- Vanessa Lynn Coleman (born June 29, 1988) was arrested by the Lebanon Police Department in her home town of Lebanon, Kentucky. She faced 40 Tennessee state charges. Coleman was indicted on 12 counts of felony murder related to the rape, robbery, kidnapping, and theft of Christian and Newsom, one count of premeditated murder (of Christian only), one count of especially aggravated robbery (of Newsom only), four counts of especially aggravated kidnapping, 20 counts of aggravated rape, and two counts of theft.
In addition, one suspect was indicted by a federal grand jury in the Eastern District of Tennessee (but would later be tried in Tennessee on state charges more than a decade later):
- Eric DeWayne "E" Boyd (born February 18, 1972) was arrested in connection with the fatal carjacking; he was not indicted by the Knox County grand jury in 2007, but would be indicted by a separate federal grand jury on August 23, 2007. The grand jury returned a superseding indictment charging him with being an accessory to a carjacking, resulting in serious bodily injury to another person, and misprision of a felony. Later, Boyd was accused by Thomas and Cobbins of the rape and murder of Newsom and a search warrant was obtained for his DNA. He was later convicted on state charges in 2019.
The four suspects indicted in Knox County were scheduled to be tried separately, at trials scheduled between May and August 2008. In February 2008, the trial dates for the subjects indicted in Knox County were moved to 2009. Judge Richard Baumgartner allowed Thomas and Cobbins to be tried by juries from Davidson County (which includes Nashville). The attorneys for Thomas filed a motion for a speedy trial, arguing there was no forensic link between their client and the crime scene. Thomas was granted the motion and was scheduled to go on trial on August 11, 2008. Baumgartner ruled that Thomas' phone calls made from the jailhouse to his acquaintances were admissible as evidence.
Davidson was also indicted for a second robbery which was committed after the murders. The publicity against the accused led the defense to argue that a change of venue was required in order to ensure a fair trial. The state argued that an impartial jury could be found during voir dire, and the presiding judge subsequently denied the motion as "premature". Judge Baumgartner threatened to ban the Newsom family from the courtroom after they called Davidson's attorney, Doug Trant, a "jerk".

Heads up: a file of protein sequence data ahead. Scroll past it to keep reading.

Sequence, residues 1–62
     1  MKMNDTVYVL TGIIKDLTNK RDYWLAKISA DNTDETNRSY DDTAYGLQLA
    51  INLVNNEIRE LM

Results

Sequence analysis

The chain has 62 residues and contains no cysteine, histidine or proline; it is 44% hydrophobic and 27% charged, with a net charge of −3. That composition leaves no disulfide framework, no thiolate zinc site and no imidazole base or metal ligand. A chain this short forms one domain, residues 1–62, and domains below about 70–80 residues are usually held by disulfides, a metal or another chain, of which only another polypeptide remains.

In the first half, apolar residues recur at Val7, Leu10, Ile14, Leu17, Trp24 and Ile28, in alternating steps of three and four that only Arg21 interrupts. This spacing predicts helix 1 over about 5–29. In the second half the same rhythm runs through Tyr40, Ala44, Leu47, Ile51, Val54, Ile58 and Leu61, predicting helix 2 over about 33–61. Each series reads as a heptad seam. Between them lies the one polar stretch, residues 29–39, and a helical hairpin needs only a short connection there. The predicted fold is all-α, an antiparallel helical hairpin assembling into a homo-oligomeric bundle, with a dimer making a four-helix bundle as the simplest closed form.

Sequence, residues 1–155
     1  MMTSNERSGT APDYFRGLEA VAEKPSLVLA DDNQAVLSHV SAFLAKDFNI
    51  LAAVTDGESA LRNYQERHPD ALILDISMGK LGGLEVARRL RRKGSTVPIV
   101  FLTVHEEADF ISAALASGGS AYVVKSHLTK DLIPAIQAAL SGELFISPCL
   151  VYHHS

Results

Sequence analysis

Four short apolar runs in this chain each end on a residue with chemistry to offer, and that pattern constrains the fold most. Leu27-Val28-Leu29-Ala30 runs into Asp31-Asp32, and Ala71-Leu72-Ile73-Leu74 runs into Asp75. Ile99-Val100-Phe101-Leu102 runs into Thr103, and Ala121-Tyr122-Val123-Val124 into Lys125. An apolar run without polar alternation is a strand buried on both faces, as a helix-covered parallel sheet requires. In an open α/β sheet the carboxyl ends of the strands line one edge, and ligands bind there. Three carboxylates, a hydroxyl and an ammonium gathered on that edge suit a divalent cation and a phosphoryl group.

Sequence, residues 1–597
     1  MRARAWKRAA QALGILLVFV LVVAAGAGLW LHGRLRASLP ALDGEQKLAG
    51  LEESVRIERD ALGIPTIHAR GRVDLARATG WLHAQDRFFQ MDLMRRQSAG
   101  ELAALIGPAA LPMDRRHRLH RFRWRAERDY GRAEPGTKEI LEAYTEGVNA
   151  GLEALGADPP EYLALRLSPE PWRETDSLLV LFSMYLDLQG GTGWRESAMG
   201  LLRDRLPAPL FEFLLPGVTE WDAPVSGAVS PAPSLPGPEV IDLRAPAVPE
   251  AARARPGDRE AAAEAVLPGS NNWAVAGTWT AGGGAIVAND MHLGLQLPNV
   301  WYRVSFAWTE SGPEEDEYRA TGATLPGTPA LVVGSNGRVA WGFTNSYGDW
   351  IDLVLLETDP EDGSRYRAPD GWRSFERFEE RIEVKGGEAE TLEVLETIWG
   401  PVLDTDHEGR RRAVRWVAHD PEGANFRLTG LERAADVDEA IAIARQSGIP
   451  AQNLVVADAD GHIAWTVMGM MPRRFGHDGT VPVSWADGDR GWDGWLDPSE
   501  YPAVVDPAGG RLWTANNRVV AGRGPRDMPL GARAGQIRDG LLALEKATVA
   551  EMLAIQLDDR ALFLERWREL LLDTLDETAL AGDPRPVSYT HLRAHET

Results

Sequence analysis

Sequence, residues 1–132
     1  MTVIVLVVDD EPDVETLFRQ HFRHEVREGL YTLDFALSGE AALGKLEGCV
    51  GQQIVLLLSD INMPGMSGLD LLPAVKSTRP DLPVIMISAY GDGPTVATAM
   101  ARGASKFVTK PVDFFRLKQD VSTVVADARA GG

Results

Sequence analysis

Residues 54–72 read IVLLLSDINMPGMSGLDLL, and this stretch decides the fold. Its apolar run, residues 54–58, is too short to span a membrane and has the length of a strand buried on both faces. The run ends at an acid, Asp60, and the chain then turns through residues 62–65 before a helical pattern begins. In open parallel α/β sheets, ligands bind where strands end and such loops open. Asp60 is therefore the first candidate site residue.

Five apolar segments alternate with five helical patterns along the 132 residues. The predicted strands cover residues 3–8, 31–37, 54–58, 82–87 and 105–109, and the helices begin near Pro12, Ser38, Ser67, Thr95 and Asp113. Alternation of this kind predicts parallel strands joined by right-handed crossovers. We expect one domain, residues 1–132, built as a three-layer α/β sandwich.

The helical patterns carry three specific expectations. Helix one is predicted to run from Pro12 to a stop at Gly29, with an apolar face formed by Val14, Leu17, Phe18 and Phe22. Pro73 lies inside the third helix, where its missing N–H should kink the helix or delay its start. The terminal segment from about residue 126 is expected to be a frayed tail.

Verdicts from the first trials
On April 16, 2008, Eric Boyd was found guilty in federal court of being an accessory to a fatal carjacking and of failing to report the location of a known fugitive. Boyd was the first to go to trial, the only suspect not charged with murder. He was sentenced to the maximum of 18 years in federal prison. He is incarcerated at the Federal Correctional Institution, Yazoo City, a low-security federal prison in Yazoo County, Mississippi.
On August 25, 2009, Letalvis Cobbins was found guilty of the murders of Channon Christian and Christopher Newsom. Cobbins faced the possibility of the death penalty because he was convicted of first-degree felony murder in the case of Christian. He was found guilty of facilitating the murder of Newsom but he was acquitted of Newsom's rape. On August 26, Cobbins was sentenced to life without parole.
On October 28, 2009, Lemaricus Davidson was found guilty. The jurors unanimously found Davidson should receive the death penalty on the four capital charges, two first-degree felony murder charges, and the two premeditated first degree-murders of Christian and Newsom. In June 2010, Davidson was sentenced to 80 years for other charges related to the murders. This sentence is to be served consecutively to the death penalties, while the death sentences are also consecutive. During sentencing, Judge Baumgartner said the crime was "one of the most incredibly outrageous, cruel and inhumane cases this court has ever seen." He also said, "how people can engage in this type of conduct is just unexplainable" and "there really is no sentence great enough to punish you for the conduct you have been convicted of." The Tennessee Supreme Court affirmed Davidson's conviction and death sentences in 2016.
On December 8, 2009, George Thomas was found guilty on multiple counts. The jury returned a sentence of life in prison without the possibility of parole on each of the four capital convictions.
The convictions of Boyd, Cobbins, Davidson, and Thomas left Vanessa Coleman as the last defendant to face trial. She was granted immunity by federal authorities for testimony in the federal case on the car-jacking, but the state courts ruled that the federal grant of immunity could not extend to the state charges on murder and rape.
On May 13, 2010, Coleman was acquitted of first-degree murder but found guilty on lesser charges. On July 30, 2010, she was sentenced to 53 years. During sentencing, Christian's father stated, "for me personally, you took my baby. You took my opportunity to say yes to a young man one day. You took my (wedding) dance away. You took my opportunity to hold her child, my grandbaby."